This week President George W. Bush struck a blow against property rights when he decreased the value of drug patents. He did this by shortening the period during which drugmakers may profit from their exclusive ownership, thus accelerating drugs' passage into the cheaper generic stage.
Here the president was bending his own free-market ideals - out of desperation. Healthcare outlays are increasing enormously in the US, both in the public and the private sectors. Even as the president was issuing his decision, management at firms across the country was performing what has become a weary autumnal ritual: informing employees that they must increase their health cost outlays in the coming year. This despite the fact that employers' outlays for health will rise as well.
But, what, exactly, is generating these treacherous increases? A study produced earlier this year by PricewaterhouseCoopers for the American Association of Health Plans provides some interesting answers.
There have been, to be sure, the obvious 'cost drivers': advances in treatment and expanded availability of sometimes new and often expensive prescription drugs. Taken together these accounted for 22 per cent of this past year's premium increase, which helps to explain President Bush's breathless pre-election motivation. Increased demand for healthcare generally due to an ageing population is another predictable factor, and more or less inevitable.
But other cost rises were not unavoidable.
Fifteen per cent of the total increase was caused by 'government mandates and regulation'. The category includes benefits in certain classes of care that federal or state law requires private insurance providers to deliver. It also takes into account the cost of increased regulations.
How does the mandate cycle work? First comes the new study or innovation. Then comes the extensive front-page coverage and the stories on morning television: a certain drug works for cancer, a certain kind of chiropractic procedure alleviates arthritis. Next thing you know, legislators are rushing to write a law promising that that new treatment will be made available to every insured patient.
As a result, America today boasts some 1,500 different mandates at the state or federal level, of a variety that would be quaint were it not so costly. North Carolina and Maine require insurers to cover 'pastoral counseling' so that unhappy folk can get a dose of religion with their therapy. Florida and Washington State mandate the availability of massage treatment. Utahans, Texans and citizens of Wyoming are entitled to reimbursement for the cost of dietitians' services. Every state, except, for some reason, Rhode Island and Iowa, pays for sessions with psychologists. California requires firms offer acupuncture coverage (what else did you expect from the New Age state?). Some states have at points put pressure on insurers to cover Human Growth Hormone injections for slow growers ($100,000 for a ten-year course). This even in the case when there is nothing medically wrong with the child, and the parents just want him or her to end up taller.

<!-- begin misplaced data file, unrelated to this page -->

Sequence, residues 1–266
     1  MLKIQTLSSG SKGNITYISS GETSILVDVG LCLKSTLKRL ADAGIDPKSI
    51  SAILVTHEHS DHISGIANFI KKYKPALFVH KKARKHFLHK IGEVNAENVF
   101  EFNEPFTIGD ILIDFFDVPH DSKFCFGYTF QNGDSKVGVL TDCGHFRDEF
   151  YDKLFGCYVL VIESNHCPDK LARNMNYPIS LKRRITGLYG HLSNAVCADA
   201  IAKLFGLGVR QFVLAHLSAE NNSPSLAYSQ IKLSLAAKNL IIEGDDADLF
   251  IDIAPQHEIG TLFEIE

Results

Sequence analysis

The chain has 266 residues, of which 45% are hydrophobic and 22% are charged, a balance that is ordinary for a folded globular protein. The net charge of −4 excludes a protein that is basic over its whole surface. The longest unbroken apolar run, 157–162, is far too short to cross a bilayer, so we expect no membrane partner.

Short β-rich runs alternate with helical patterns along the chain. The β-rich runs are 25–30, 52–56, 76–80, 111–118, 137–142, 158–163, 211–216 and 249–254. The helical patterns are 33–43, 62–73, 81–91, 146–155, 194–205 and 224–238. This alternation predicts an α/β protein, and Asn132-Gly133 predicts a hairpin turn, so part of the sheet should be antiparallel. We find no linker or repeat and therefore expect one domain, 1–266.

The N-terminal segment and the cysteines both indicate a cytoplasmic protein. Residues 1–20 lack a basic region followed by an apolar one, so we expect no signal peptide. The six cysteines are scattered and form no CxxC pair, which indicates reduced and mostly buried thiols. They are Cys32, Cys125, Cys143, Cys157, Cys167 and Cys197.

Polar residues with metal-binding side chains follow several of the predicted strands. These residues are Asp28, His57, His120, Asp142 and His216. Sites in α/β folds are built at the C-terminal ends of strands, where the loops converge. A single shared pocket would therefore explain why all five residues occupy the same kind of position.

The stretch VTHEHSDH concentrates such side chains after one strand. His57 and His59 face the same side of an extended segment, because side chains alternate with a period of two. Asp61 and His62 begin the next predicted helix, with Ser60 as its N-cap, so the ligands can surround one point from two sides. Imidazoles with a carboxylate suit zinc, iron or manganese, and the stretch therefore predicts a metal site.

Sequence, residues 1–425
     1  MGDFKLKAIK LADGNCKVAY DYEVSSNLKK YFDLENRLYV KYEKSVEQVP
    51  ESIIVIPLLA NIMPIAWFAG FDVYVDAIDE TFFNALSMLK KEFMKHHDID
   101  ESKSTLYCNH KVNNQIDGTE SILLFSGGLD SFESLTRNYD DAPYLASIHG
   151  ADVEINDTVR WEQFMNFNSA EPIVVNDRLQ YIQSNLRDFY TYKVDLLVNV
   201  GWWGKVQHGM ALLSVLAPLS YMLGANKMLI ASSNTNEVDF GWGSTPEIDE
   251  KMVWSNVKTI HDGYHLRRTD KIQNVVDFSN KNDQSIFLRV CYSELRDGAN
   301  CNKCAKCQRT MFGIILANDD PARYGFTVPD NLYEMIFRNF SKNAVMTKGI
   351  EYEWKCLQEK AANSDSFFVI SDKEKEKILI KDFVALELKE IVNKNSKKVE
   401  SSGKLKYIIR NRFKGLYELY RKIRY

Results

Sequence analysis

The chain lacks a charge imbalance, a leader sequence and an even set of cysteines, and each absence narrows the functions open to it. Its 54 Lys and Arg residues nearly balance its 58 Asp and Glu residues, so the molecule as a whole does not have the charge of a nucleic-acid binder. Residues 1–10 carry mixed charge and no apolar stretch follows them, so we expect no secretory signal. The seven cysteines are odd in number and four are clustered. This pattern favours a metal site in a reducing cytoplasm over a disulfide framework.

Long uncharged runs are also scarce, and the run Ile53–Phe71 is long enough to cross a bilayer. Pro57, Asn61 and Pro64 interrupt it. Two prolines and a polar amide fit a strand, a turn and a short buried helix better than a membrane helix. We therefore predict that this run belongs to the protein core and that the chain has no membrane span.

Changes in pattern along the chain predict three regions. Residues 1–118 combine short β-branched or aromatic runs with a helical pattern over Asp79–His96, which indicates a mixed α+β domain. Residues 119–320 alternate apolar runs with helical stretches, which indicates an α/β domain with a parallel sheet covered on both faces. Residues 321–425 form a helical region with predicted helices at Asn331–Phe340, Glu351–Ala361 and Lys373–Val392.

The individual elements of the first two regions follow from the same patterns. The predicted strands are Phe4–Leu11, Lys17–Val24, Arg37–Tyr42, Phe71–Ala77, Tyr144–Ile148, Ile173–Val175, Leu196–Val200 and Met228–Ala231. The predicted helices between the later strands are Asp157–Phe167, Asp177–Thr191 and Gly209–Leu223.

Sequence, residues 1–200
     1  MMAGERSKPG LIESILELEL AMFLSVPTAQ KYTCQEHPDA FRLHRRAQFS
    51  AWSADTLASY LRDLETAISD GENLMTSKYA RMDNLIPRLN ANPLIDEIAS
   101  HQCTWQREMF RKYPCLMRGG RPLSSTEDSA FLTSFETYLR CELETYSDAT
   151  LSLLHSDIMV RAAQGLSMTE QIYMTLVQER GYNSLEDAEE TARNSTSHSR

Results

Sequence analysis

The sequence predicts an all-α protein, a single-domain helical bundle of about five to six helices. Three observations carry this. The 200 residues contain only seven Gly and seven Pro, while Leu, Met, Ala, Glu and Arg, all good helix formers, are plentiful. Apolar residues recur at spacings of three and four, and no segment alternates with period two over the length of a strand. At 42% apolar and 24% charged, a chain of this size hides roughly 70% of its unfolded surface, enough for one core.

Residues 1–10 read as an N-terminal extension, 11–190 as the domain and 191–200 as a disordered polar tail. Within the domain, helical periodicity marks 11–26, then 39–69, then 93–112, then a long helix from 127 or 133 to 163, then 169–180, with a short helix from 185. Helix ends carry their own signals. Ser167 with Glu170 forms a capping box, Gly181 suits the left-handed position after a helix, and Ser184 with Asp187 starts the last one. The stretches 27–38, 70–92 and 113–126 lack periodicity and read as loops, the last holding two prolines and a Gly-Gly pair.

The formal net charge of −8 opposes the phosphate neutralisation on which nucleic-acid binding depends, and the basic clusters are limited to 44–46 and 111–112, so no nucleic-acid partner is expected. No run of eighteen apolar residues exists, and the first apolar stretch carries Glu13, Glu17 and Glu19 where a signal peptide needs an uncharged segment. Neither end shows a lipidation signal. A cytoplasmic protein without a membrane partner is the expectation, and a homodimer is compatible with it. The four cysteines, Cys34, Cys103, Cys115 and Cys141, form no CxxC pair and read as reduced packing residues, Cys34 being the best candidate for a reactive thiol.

In other words, while all these mandates make emotional sense, they do not necessarily make economic or even medical sense. Years ago, for example, a few states began mandating the availability of autologous bone marrow transplants as treatment for late-stage breast cancer. The price of this treatment, in combination with chemotherapy, was $100,000. But no matter; the treatment was said to save lives, and it was ideal material for Lifetime Television.
In 1999, independent studies showed that this ABMT therapy did not improve the outlook for these late-stage breast cancer patients. (It was also enormously painful.) Nonetheless, the states did not remove the requirement for coverage from their books. And today, even patients whose doctors counsel them that ABMT is a waste of time frequently still opt to go through with it: the mere availability of such a pricey treatment suggests that it must be worth undergoing. After all, the common wisdom runs, everyone knows doctors can't tell truth about this; they are under pressure to cut costs.
Then of course there are the treatments that did not survive triage-by-TV: mundane but important things like vision care, teeth cleaning - you name it. And we won't even talk about the people who cannot get coverage because mandates have increased premiums.
Beyond mandates, there is another sort of cost rise, the kind triggered by the American disease, litigation. Taken together with risk management, 'defensive medicine' (treatments provided solely to forestall a lawsuit), and fraud, litigation accounts for 12 per cent of this past year's premium increase. In rural parts of several states (Mississippi, Pennsylvania), obstetricians are disappearing; malpractice premiums have doubled or quadrupled.
All of which tells you one thing about President Bush's prescription drug manoeuvre: it's the first of more to come.
© Copyright 2002 Financial Times
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